We have published a new model that analyzes the US industry (major airlines).  Here are screenshots of each of the four pages to explain what we have.  Subscribers can access the model and select an airline to see how the model changes.

Page 1 – Operating Revenues

The upper chart shows the revenue sources in actual dollars. The lower chart shows the spread of revenue sources – passenger, , mail, and the like.  One can look for pattern changes to see what is happening with each airline’s revenue mix.

Page 2 – Operating Expenses

The upper chart shows the expense sources in actual dollars. The lower chart shows the percentage by expense type.  This also enables one to look for pattern changes to see what is happening with each airline.

Page 3 – Operating Performance

The tornado chart shows the revenue and expense spreads, the waterfall shows the changes in Net Income over the period.  Selecting airlines shows substantial variance among airlines, e.g. over the period Airlines has accumulated more net income than American Airlines. The Operating Profit chart is self-explanatory.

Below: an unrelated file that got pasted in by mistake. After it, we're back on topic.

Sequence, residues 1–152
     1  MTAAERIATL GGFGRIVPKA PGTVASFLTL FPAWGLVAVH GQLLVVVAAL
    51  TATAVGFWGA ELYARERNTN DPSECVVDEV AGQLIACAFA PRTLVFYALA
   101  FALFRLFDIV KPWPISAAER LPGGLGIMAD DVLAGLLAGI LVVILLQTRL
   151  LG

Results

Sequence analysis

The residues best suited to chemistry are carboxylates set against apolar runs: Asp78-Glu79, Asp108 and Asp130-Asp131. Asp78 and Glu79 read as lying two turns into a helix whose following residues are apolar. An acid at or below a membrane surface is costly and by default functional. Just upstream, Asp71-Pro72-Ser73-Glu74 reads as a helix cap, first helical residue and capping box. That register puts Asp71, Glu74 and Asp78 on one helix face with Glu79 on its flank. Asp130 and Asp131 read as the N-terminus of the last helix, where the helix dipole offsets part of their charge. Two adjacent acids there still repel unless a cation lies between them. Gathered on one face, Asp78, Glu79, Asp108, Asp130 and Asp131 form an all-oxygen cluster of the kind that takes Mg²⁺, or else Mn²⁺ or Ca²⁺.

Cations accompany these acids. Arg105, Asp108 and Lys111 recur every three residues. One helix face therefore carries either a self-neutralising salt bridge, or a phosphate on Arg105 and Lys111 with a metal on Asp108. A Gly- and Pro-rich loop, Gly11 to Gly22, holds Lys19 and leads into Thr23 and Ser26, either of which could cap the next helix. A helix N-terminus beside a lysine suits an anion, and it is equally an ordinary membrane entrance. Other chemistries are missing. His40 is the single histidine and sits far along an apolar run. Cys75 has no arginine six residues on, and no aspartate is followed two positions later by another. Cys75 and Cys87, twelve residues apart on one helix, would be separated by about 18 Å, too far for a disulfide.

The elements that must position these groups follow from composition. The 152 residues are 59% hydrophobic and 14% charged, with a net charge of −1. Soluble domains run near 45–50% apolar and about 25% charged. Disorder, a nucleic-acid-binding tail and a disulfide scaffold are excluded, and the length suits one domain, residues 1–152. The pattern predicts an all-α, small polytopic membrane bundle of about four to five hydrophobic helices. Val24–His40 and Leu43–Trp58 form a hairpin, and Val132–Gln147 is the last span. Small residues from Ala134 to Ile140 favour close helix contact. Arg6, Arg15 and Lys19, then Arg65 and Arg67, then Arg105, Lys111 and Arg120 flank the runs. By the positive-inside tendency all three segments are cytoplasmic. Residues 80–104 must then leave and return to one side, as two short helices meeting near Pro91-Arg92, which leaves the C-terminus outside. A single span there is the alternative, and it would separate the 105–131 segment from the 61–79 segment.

Page 4 – Operating Margin – 5 Years

The fourth page of the model suggests the consolidated industry is robust with a operating margins likely to continue an upward trend.  The trend line is relatively stable, and the model produces a forecast based on historical , with a high and low spread. 

This scenario is, of course, not equal for each airline.  Adaptive expectations and modeling based on the past can become tricky because exogenous factors can throw the entire forecast out of whack.  But the models feeds from the historical data that underlie the projections.  Of course, events such as new entrant carriers will disrupt the market and do so unequally – some airlines will be more impacted than others.  For example, might disrupt Allegiant more than any other airline.  But MOXY might also impact Southwest.  Consequently, we have restricted the forecast trend-line extrapolations to only five years.

To minimize variance we went back to 2005 to obtain a substantial time period on which to build the forecast.  This includes the pre-merger industry and some of the recovery periods.  Of course, these models can be tuned and tailored.  We look forward to your thoughts on this, our newest, data model, which is available to Subscribers.

Please follow and like us:
%d bloggers like this: